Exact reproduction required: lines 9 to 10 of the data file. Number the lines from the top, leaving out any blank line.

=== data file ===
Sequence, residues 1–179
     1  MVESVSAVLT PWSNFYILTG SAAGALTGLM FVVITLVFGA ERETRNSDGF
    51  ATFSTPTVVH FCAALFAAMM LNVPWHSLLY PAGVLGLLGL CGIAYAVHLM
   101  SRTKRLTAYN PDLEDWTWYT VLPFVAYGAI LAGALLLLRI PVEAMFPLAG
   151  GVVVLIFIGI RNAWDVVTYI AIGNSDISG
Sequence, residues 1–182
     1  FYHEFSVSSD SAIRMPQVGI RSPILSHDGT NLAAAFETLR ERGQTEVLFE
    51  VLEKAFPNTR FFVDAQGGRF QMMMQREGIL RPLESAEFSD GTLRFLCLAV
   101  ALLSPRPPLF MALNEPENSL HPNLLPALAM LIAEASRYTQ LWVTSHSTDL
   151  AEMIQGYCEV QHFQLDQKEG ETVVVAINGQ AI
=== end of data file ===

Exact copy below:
   101  ALLSPRPPLF MALNEPENSL HPNLLPALAM LIAEASRYTQ LWVTSHSTDL
   151  AEMIQGYCEV QHFQLDQKEG ETVVVAINGQ AI